And Wojo states the obvious in his Detroit News column this morning:
It starts with Lidstrom, who’s mulling retirement, but that’s not where it ends. The Wings have enough salary-cap cash to tempt Devils winger Zach Parise and Predators defenseman Ryan Suter, and they should tempt mightily. By whatever means possible, the Wings must add talent — if they plan to keep contending for the Stanley Cup.
The Wings and GM Ken Holland sit at a crossroads, and it isn’t their first. There’s no reason to tear apart a team that a few months ago was skating around with the best record in the NHL. But years of league-induced parity have sapped the Wings of their depth, and they need a bold burst of energy.
I’d even suggest to Mike Ilitch he could match his Prince Fielder splash with a Parise-Suter dynamic double-down. The difference with a salary cap is, it’s not just about writing the biggest check, and there will be fierce competition for top free agents. But the Wings have room, a talented core, a committed owner, a rich history and a gnawing need, especially for a scoring forward like Parise.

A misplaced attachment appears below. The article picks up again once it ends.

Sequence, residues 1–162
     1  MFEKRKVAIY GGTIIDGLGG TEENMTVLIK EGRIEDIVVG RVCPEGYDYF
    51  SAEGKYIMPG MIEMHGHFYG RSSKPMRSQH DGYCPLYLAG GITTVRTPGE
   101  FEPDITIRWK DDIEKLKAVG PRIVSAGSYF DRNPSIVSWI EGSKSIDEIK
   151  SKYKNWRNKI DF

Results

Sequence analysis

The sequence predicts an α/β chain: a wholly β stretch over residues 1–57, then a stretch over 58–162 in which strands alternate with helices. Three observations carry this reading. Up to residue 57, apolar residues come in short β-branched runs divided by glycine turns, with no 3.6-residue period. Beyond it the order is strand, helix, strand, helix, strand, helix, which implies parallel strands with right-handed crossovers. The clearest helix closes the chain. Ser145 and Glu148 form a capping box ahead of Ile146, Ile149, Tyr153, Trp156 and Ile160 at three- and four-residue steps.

“Our goal this summer is to be as aggressive as we can be in free agency, if players that we like are available,” Holland said Sunday. “We’ll also explore the trade market. I think we have a lot of good pieces, and people that think there’s just Stanley Cup dust to sprinkle are gonna be disappointed.”
“Certainly we want to make some changes to our team,” Holland said. “First off, the league is wide open. Pittsburgh, San Jose and Detroit are out. It’s hard to build to last four or five years, and it’s hard to have depth. We’ve got to do some tweaks and make some moves, but I think we can compete with all the teams in the West.”
Mike Babcock will count more on young players such as Gustav Nyquist and Brendan Smith. Obviously, there will be other changes, although I still don’t think Lidstrom will be one of them. The Wings captain turns 42 next week and remains relentlessly optimistic and consistently non-committal. He missed a month with a deep bone bruise in his right ankle and took injections to get through the playoffs, as brief as they were.
Lidstrom isn’t yet ready to commit to the grind again, and will decide in the next few weeks. But if you think the Wings’ playoff scoring woes and defensive miscues will drive him away, not so fast.